MAT 331: Mathematical Problem Solving with Computers
Spring 2000

Serge Ferleger   Office: Math. Bldg. 4-119
Phone: 632-8358   email:
Office hours: Monday and Wednesday, 1:00 - 2:00

General Information:
This course serves as an introduction to computing for the math student. After a general introduction to the use of the computers, including use of email and the world-wide-web, we will turn to more mathematical problems. We will try to keep the emphasis in this course on the ``problem solving'' portion of the title: we will take a series of problems and try to find solutions (or approximate solutions), keeping in mind that we have access to computers. The discussion of the problems and development of necessary mathematics will be done in the classroom, and then we will turn to the computers to explore and work out the solutions.

We will use the math computer lab in S-235 of the math tower; this lab contains 30 Sun workstations running Unix, as well as a number of PCs running Windows NT. We will be using the Unix machines in class; however, much of the work can be done on other systems. We will rely heavily on Maple (a program that can do algebra, calculus, graphics, etc.), although if other tools are better suited to the task, we may make use of them. No previous experience with computers is needed.

Maple is available for most platforms (Windows, Macintosh, Unix, $\ldots$); a student version of Maple can be purchased from Waterloo Maple for $99. You can also use the campus modem pool to dial-in to the mathlab computers.

The text for this course is a set of notes written by Professors Sutherland and Simanca. These are available on the web page, and a printed version of much of it should be available in the bookstore after the first few weeks of class. You might find it useful to obtain a book about basic UNIX commands, and/or about Maple. Most of what you need will be covered in class, but it is often useful to have a reference at hand. Much material will be made available on the class web page, at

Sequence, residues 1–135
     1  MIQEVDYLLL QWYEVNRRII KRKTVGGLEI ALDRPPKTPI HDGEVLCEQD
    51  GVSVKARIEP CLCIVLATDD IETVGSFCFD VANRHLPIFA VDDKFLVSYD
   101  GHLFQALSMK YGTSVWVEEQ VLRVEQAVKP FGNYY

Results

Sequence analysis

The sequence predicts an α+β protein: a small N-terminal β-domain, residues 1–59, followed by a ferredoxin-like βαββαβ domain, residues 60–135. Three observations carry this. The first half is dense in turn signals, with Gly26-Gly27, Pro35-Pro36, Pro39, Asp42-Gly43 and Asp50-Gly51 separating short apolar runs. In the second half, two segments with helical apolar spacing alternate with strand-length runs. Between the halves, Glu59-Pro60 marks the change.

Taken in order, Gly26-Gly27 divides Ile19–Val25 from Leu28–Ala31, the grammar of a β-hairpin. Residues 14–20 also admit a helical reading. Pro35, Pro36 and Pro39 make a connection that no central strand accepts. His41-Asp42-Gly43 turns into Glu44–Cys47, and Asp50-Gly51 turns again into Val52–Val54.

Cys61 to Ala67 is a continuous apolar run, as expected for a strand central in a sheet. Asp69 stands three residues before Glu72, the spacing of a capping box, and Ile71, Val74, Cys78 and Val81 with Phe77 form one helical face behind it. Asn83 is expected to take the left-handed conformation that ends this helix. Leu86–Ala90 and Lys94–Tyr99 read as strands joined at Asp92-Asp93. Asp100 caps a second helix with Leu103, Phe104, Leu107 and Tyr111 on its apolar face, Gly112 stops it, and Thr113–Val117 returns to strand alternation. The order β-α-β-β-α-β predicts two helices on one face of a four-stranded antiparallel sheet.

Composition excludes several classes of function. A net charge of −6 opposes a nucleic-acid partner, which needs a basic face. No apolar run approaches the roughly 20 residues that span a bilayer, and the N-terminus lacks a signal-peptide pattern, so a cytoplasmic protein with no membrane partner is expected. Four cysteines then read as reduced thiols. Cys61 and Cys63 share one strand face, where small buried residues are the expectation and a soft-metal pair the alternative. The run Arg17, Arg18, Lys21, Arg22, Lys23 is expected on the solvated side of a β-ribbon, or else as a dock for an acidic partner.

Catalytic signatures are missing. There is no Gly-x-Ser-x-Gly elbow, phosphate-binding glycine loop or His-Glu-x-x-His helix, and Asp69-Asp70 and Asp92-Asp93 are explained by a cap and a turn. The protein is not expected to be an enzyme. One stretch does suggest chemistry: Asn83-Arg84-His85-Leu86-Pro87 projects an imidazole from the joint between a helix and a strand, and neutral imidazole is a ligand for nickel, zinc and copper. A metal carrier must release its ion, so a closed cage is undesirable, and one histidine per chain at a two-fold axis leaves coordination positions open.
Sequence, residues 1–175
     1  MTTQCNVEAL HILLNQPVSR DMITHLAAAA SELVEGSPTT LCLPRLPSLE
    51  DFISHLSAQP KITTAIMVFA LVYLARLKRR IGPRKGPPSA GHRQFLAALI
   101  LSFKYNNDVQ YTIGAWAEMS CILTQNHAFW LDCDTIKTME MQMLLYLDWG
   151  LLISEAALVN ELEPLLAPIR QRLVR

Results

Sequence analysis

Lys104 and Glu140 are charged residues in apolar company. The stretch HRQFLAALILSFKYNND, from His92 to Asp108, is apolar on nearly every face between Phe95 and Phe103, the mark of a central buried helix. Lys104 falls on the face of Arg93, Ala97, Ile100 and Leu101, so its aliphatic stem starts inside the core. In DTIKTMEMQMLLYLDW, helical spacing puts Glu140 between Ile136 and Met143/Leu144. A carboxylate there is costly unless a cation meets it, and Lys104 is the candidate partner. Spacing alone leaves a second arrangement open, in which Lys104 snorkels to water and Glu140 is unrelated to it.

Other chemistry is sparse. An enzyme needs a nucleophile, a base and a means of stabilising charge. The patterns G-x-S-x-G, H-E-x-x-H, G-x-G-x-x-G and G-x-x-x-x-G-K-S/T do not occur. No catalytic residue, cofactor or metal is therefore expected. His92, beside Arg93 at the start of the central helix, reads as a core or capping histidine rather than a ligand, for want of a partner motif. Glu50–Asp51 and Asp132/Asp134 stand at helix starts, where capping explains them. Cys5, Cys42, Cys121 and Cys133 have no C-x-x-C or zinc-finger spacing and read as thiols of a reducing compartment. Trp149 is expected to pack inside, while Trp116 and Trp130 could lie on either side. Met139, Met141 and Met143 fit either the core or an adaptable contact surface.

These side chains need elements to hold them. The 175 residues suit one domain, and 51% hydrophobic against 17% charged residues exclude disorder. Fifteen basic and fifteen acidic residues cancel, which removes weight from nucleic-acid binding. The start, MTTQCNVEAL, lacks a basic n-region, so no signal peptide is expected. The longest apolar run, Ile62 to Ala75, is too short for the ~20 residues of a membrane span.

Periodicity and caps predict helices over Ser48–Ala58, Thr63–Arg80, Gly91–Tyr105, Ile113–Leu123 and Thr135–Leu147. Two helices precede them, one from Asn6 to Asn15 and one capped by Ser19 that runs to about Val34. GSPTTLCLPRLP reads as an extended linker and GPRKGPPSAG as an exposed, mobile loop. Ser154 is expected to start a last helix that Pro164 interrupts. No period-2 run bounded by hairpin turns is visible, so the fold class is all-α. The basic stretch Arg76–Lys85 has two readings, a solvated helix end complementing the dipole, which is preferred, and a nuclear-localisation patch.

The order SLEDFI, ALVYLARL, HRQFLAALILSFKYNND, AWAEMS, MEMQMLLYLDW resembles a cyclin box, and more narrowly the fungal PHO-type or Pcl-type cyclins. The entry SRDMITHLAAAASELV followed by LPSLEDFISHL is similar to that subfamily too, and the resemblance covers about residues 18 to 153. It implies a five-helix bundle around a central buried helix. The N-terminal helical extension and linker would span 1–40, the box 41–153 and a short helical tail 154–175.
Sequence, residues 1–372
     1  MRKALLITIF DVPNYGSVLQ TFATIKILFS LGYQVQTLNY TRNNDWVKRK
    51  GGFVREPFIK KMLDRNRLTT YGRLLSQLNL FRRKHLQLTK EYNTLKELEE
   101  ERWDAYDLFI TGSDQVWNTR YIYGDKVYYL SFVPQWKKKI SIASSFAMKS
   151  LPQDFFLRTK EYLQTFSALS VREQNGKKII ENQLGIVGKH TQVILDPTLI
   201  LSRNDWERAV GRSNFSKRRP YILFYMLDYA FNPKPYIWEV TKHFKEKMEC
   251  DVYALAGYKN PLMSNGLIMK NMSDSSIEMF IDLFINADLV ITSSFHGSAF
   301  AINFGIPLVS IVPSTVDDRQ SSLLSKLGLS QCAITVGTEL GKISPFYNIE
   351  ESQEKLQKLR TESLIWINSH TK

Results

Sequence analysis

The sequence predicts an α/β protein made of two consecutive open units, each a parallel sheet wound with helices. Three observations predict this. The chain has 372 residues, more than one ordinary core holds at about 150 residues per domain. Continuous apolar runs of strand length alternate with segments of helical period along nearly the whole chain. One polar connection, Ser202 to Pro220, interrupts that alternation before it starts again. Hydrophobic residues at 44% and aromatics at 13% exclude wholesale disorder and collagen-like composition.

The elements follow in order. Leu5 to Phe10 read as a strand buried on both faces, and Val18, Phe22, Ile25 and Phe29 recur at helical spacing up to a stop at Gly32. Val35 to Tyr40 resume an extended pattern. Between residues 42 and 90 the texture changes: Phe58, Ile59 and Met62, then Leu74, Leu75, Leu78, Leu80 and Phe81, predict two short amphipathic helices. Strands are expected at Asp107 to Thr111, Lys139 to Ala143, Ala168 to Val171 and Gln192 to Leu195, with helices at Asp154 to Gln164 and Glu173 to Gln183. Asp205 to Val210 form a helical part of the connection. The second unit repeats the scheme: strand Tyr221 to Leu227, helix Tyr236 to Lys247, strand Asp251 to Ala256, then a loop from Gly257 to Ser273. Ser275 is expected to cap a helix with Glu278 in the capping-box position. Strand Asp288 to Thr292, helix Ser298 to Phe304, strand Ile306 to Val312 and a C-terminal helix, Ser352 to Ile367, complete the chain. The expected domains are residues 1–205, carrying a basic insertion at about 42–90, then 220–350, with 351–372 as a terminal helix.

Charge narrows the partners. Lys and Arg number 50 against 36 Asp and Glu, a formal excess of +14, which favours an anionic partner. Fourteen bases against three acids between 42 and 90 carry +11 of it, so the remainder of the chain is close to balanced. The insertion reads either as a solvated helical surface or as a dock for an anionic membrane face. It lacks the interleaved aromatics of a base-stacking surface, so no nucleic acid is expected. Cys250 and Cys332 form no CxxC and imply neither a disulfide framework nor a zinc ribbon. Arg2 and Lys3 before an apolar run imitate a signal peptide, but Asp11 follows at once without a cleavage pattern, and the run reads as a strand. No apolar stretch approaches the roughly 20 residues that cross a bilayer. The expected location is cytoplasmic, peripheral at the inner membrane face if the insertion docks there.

Projects and Exercises:
There will be a number of ``exercises'' assigned, as well as approximately 4 projects. An ``exercise'' is like a homework assignment- something that you should be able to do in at most a few hours. A ``project'' is more like a term paper-- you will be expected to devote a significant amount of time to doing it, as well as taking care with the presentation.

Working together on the projects is encouraged, although, each student will be responsible for turning in a write-up of the problem and solution. This should contain a detailed description of the problem or topic, what means were used in solve it, and the solution. These write-ups should be produced by each student individually, and should be detailed enough so that someone who has not taken the class can read and understand them, and will believe the solution is correct. These write-ups are often acceptable for the mathematics writing requirement.

Your grade will be based on the projects, the exercises, and in-class participation. Projects will count most heavily (80%). There will be no exams. Both the expository and computational aspects of the project write-ups will be graded.

Special Needs:
If you have a physical, psychiatric medical or learning disability that may impact on your ability to carry out assigned course work, I would urge you to contact the staff in the Disabled Student Services (DSS) office, Room 133 Humanities, 632-6748/TDD. DSS will review your concerns and determine, with you, what accommodations are necessary and appropriate. Please then inform your instructor so that arrangements can be made. All information and documentation of disability is confidential.